Ten years ago, David Buckingham, professor of education and media, wrote that “young people today are postmodern citizens – cynical, distracted, no longer possessed of the civic virtues and responsibilities of older generations.”
This fact is reinforced in conversation with anyone in my demographic, ages 18 to 24. Constituents apathetic without even caring, who willingly admit to grabbing a paper for the sudoku. The thought makes me shudder as a columnist, news addict and an unrelenting hater of anything math-related, but even I can identify with the sentiment of 20-something news apathy. I don’t want to read sports coverage, I don’t know how the United-Continental merger affects me, I don’t want to read about finance, and God help me if I read about Tiger Woods ever again.
In the introduction to his book “The Making of Citizens: Young People, News and Politics,” Buckingham goes on to say that journalism is “the victim of its own conservatism” when it comes to informing young people, for whom “the personal has become political, the private has become the public, entertainment has become education.” Hard to justify, yes, but perhaps not all our own fault: We’re products of our environment and the manic, info-hungry society we live in.
Stories that interest, inform and apply to me are hard to find. Even if I do find them, I am often turned off by news writing itself, which is usually totally dehumanized by the time it is published, a robotic and uninteresting rendition of something that happened.
Journalism school has taught me that the press – defined as print, online and broadcast news media – is supposed to inform citizens, act as a watchdog for the government and other institutions, provide people a voice and a forum in which to use it and connect with others. But everybody doesn’t use the forum as much as they should (as evidenced by the many news stories that go without comment).
The economic crisis was a prime example of how the American press often fails to efficiently inform us. People flocked to the media for information, but the vast majority of news coverage failed to paint a clear picture for the common citizen as it bombarded readers with “credit default swaps” and “mortgage-backed securities.” Americans knew there was an economic crisis, but many didn’t know how it happened or how it would affect them.
Gayle Golden, professor of journalism at the University of Minnesota, says the burden is largely on the consumer to stay informed. She says, “The bottom line is, there are tools for smart readers to find news information that is relevant to their lives.” One such tool she mentions is Google Reader, a media aggregator that consolidates frequently visited websites and tracks updates to make news and media searching more organized and enjoyable.
The key, Golden says, is using a variety of sources, not just “letting them all pour in,” and resisting the urge to engage with (and therefore contribute to) “infotainment.” “How smart can you choose to be about what goes viral?” Golden asks. “Lindsay Lohan, or real information?” Golden also notes that person-to-person connection is an important part of news consumption in the effort to find and support meaningful, enlightening reporting.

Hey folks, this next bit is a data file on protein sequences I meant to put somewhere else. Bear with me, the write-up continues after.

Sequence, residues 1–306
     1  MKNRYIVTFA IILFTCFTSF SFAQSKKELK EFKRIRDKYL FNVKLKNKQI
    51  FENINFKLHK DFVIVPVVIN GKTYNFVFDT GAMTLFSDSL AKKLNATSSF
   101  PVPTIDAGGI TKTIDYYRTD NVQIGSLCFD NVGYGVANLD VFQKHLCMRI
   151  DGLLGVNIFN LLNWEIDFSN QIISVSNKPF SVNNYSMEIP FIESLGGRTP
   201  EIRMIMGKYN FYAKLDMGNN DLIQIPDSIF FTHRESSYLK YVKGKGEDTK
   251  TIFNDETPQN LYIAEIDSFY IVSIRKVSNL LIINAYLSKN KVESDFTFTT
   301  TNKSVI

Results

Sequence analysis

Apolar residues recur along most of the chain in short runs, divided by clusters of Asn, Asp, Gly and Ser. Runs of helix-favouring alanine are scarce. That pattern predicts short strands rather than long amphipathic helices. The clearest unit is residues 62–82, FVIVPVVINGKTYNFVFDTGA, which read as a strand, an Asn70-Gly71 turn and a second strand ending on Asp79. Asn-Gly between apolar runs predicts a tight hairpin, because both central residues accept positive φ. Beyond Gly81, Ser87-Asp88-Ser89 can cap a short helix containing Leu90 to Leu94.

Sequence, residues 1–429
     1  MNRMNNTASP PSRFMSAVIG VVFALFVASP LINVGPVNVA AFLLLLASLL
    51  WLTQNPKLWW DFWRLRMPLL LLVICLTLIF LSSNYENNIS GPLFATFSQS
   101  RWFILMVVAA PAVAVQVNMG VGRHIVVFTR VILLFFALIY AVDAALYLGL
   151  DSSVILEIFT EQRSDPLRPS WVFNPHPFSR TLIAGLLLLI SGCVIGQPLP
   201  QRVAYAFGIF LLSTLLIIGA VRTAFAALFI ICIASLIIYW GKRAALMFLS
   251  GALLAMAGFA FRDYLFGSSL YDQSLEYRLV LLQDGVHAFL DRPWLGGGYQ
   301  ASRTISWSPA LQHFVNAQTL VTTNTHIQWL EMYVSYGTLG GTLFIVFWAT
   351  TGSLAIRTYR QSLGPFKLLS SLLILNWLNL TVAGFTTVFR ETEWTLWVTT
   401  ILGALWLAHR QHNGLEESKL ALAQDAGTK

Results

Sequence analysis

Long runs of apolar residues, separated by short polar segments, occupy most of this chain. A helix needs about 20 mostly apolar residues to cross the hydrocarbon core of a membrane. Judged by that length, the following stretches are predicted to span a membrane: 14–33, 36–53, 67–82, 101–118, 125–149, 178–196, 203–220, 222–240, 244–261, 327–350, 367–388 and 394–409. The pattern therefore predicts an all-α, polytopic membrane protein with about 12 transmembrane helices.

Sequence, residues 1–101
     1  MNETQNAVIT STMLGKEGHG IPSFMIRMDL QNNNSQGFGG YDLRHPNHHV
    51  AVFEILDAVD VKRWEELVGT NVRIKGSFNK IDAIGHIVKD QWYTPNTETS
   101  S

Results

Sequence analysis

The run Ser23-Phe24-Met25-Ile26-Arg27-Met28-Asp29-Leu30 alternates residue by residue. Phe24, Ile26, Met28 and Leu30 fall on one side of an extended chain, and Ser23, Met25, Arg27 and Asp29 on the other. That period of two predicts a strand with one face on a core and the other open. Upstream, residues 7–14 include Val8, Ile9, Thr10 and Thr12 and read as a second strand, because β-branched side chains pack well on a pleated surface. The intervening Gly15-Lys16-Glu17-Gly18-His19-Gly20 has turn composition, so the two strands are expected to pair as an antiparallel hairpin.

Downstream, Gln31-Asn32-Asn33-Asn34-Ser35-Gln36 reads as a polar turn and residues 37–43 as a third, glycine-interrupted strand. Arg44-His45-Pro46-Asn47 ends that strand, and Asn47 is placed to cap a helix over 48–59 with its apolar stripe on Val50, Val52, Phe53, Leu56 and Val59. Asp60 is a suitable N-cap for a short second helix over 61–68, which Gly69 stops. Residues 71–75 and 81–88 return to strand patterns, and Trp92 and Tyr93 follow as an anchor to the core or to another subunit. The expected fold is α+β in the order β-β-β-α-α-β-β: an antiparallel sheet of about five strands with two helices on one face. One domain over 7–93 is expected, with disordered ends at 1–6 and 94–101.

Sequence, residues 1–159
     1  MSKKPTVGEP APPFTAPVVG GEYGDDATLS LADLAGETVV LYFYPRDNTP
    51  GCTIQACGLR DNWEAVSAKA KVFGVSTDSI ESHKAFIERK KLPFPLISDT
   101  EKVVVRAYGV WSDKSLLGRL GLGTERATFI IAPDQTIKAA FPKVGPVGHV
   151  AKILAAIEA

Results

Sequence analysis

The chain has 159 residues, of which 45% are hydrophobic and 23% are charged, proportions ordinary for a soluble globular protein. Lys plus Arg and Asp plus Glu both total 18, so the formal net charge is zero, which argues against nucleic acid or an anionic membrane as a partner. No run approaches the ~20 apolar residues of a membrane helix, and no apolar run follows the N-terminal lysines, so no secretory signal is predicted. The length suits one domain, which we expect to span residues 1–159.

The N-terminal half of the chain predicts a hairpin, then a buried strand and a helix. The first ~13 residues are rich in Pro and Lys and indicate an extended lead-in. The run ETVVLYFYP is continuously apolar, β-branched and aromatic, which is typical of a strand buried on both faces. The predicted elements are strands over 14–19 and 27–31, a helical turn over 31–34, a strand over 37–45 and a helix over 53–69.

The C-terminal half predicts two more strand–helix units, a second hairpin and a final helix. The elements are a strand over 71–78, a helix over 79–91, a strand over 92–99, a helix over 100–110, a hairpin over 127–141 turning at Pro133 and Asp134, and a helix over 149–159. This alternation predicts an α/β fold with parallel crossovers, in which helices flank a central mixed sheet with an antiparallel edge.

So the tools are out there for those who seek them. But I’m willing to say that the news itself should be more compelling and informative for the apathetic, casual or, on a good day, the slightly motivated citizen. In a world so full of events and implications, we shouldn’t have to convince ourselves to care.
There are many ways to discuss news and participate in the news forum, including meaningful online commenting (if it doesn’t digress into snarky finger-pointing and bashing). One relevant section of many newspapers is underutilized by readers, and that is the forum itself – the op-ed section. An active one keeps the rest of the news in check, publishing reader’s responses and opinions as well as columns and editorials (which are like blogs, except in print form and with journalistic accountability and convention).
One organization that succeeded to connect with citizens during the crisis was National Public Radio. In October 2008, the creators of popular NPR broadcast “This American Life” put together a show that explained, in plain terms, the complicated economical structures that govern our country and how that structure weakened. Golden says this program, titled “Another Depressing Show about the Economy,” is “absolutely an example of what the media can and should be doing.” The initial broadcast has grown into a frequent podcast called “Planet Money,” which seeks to report about economic matters “in terms the average American starts to understand.”
What about compelling news stories that go unwritten? Spot.Us, a nonprofit media project based in San Francisco, works to solve this problem by involving the public in story pitching and support. The site’s creator, Dave Cohn, is looking at Minneapolis as a possible next expansion point.
But to make news that is captivating and runs the highest chance of snaring an apathetic reader, one needs the inherent ability to tell a story. Golden says that “curiosity, critical thinking, clarity of thinking, taking the time to understand the tough topics” are necessary characteristics of those who wish to cut through modern-day news apathy.
As it turns out, these same qualities define an informed citizen, to a lesser degree. We may not all be journalists, but we all have a need for good and relevant information, and perhaps we all need to do a little reporting.
Jenna Beyer welcomes comments at firstname.lastname@example.org.